It’s so lovely to finally see the blooms of spring and our kale, swiss chard, and peas sprouting in the garden. I guess they don’t mind being covered in a foot + of snow! Last year by this time we were enjoying these lush blooms. It is taking a bit longer this spring, but love to see this new life begin. The photo above is a black swallowtail butterfly enjoying our wild bergamot last summer.

I recently read this article on the monarch butterfly and their decline sadly due, in large part, to genetically engineered crops and herbicides. We have slowly added in native shrubs and flowers to attract butterflies and it’s so great to see them around the background during the summer. Take a look at some of these beautiful wildflower palettes below by Landscape architect Piet Oudulf for a little inspiration on planting a butterfly garden or maybe just a few milkweeds. (view more images here on Scott Weber’s pinterest board).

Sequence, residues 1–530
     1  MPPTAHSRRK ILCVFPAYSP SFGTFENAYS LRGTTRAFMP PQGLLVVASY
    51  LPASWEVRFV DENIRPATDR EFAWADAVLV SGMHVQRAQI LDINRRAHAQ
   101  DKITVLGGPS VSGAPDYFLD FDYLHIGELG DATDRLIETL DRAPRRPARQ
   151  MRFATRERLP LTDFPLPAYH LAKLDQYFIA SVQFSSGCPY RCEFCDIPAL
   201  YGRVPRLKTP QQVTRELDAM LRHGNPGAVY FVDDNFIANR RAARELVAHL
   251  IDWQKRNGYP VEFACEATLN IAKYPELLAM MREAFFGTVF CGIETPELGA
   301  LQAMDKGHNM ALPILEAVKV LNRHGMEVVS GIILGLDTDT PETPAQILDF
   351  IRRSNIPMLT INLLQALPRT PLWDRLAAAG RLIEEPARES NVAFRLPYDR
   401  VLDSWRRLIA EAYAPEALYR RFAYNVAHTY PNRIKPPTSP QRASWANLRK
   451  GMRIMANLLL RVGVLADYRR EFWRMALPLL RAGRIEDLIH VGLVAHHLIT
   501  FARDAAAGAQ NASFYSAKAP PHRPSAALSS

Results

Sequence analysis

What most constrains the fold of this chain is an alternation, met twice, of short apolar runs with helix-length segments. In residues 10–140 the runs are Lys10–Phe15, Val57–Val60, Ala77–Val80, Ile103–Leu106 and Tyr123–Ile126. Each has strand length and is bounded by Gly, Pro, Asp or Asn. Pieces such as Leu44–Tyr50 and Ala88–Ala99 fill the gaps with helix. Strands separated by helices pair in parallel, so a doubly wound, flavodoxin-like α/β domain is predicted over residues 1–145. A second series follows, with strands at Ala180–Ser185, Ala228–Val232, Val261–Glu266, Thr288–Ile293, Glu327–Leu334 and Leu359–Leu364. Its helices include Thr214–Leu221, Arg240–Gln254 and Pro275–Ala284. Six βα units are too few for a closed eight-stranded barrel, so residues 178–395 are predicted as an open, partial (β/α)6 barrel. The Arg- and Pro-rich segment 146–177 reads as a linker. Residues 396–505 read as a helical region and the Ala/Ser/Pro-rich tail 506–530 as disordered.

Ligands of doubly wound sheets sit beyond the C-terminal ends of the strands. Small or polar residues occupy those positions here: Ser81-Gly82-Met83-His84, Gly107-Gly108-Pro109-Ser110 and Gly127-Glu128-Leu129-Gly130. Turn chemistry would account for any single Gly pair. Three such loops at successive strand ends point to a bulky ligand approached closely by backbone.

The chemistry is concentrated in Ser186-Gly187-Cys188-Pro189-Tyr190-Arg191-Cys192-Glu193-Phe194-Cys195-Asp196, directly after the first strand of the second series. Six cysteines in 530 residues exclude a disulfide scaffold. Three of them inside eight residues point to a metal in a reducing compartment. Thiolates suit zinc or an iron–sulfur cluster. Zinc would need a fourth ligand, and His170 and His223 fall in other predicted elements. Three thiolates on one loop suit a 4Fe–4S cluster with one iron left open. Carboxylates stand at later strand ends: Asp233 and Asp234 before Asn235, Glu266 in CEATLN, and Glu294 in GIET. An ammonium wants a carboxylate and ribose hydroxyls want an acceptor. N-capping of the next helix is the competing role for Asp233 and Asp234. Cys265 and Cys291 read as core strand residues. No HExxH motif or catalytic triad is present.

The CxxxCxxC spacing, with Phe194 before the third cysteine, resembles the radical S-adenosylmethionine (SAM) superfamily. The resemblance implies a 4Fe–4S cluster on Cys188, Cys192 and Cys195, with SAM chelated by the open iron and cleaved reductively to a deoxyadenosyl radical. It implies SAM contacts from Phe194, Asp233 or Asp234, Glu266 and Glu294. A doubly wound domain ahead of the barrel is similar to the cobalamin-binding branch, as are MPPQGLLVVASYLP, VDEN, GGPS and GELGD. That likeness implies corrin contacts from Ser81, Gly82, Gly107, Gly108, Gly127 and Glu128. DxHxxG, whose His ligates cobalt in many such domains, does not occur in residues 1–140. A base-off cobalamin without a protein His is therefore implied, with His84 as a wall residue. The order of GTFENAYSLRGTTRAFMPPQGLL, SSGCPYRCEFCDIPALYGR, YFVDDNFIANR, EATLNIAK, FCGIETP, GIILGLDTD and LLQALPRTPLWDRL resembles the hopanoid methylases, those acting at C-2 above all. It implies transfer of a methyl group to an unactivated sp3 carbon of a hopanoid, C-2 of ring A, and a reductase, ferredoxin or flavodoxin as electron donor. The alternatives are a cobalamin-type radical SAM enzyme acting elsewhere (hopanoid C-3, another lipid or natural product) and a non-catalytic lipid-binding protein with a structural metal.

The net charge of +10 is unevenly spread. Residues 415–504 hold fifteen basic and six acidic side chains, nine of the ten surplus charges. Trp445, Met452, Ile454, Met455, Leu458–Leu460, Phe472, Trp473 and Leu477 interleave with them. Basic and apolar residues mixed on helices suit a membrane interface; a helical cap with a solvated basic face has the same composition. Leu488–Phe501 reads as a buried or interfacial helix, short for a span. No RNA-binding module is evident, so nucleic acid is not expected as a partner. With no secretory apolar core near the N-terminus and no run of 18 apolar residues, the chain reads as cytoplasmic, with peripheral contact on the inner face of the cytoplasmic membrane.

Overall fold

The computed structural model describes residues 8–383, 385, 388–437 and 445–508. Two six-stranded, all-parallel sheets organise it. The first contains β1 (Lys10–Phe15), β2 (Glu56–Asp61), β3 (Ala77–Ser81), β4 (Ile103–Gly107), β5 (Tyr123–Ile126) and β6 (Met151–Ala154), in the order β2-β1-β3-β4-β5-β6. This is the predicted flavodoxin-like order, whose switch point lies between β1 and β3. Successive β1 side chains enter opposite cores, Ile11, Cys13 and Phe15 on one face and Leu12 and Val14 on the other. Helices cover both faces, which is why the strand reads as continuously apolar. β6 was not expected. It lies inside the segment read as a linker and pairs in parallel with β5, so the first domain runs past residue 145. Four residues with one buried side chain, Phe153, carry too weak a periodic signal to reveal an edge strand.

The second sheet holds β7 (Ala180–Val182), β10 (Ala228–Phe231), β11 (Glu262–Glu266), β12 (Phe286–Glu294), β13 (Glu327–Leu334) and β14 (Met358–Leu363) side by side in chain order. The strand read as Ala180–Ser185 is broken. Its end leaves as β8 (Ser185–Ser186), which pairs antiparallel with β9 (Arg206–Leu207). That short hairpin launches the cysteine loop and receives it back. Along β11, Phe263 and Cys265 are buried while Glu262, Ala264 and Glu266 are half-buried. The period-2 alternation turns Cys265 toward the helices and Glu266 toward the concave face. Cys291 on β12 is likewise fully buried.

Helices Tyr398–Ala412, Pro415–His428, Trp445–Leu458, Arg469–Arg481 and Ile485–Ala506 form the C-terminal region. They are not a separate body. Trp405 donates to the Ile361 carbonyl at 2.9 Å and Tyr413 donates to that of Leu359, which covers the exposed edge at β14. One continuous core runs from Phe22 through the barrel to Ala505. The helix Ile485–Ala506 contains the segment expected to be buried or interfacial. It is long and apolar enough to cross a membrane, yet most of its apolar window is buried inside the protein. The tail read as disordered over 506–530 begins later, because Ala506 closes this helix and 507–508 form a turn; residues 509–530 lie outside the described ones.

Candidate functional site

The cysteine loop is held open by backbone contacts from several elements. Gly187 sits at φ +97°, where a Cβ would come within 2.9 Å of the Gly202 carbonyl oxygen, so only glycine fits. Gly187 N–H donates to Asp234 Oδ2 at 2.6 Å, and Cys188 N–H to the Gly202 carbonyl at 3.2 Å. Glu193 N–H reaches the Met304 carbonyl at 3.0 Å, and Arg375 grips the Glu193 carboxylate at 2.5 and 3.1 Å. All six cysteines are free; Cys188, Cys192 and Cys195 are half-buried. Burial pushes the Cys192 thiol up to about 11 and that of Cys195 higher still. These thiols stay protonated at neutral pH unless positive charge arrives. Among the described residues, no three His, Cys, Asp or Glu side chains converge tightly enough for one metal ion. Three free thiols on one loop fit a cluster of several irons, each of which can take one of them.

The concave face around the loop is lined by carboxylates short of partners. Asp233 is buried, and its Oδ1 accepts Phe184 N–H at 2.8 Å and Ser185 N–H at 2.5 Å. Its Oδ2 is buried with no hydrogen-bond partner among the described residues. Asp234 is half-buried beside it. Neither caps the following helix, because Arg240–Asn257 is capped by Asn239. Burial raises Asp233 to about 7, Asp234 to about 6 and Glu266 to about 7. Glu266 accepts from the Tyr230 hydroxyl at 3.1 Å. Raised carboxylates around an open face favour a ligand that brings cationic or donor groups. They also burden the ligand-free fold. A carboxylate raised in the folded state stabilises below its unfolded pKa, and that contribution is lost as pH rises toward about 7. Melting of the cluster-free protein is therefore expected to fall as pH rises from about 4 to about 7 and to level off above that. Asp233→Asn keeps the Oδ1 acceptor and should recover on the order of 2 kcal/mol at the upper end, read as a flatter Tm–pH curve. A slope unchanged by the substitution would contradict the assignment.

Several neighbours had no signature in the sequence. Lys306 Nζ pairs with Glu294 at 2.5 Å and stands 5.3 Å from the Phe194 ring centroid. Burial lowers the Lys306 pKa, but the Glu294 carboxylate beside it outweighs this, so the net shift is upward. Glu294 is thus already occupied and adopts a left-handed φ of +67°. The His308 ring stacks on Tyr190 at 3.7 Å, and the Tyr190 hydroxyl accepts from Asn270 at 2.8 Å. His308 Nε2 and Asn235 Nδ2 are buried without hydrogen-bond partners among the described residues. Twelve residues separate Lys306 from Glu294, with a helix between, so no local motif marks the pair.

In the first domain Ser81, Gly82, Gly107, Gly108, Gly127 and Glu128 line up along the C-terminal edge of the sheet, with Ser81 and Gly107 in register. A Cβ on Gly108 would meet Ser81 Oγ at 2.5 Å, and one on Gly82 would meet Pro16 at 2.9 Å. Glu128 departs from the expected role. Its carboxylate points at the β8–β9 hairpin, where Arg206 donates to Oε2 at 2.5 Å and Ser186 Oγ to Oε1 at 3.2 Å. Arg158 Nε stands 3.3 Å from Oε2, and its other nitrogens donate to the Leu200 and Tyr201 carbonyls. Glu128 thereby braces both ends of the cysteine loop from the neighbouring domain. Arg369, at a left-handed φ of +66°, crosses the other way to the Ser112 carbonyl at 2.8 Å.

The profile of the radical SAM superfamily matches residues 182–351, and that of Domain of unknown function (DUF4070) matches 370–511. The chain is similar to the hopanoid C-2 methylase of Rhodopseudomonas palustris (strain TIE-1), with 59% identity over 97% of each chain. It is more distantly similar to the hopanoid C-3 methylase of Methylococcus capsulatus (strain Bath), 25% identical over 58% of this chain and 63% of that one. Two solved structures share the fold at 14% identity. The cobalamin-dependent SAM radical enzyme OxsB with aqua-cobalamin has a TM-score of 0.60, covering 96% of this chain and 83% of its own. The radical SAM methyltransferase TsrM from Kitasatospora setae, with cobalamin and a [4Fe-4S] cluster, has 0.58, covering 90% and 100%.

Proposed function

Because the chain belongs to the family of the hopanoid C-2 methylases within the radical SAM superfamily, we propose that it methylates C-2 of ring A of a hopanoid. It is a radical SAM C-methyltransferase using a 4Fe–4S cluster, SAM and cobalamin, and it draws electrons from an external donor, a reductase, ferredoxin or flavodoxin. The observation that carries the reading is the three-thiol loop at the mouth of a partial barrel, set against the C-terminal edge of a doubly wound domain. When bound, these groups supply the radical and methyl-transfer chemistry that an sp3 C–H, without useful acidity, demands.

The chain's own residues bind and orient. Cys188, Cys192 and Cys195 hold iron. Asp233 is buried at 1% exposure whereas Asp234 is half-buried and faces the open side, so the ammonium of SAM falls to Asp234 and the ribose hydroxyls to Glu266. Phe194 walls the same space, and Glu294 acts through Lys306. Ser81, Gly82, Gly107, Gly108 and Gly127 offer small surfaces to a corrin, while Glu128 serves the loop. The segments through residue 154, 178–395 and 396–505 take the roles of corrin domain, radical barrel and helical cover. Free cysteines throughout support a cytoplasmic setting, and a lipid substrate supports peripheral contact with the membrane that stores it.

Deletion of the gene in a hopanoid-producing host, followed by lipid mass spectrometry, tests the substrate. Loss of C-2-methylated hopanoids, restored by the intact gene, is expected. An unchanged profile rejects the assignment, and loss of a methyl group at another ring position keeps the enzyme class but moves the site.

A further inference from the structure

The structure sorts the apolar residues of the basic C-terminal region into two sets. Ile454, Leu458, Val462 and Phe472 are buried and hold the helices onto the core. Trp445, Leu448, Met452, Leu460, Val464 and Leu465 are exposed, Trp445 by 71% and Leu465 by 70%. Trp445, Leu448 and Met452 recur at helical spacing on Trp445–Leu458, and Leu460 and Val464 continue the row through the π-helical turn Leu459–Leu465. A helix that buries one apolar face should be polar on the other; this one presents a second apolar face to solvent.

Here is a great resource from the Missouri Department of Conservation for ideas on Native Plants for your landscape.



This last image is the High Line in New York, where Oudulf designed native plantings for the public park built on the elevated historic freight line above Manhattan’s West Side. What a fantastic blend of nature within the city.


If you would like to add more native grasses and wildflowers into your landscape a favorite local sale of mine for buying wildflowers and herbs is the John Wornall House annual herb/wildflower sale, coming up on April 27th. They have a great selection from the Missouri Wildflower Nursery. Also, the Prairie and Wetland Center is a fantastic resource for finding native plantings and seed mixes. Would you like to know more about why growing native plants is so important? Here is a great explanation. Also if you do not live in Kansas City, here is a great resource for finding native species to plant in your area.

Enjoy planting some natives with your children and provide a welcome habitat for birds and butterflies.

– Julie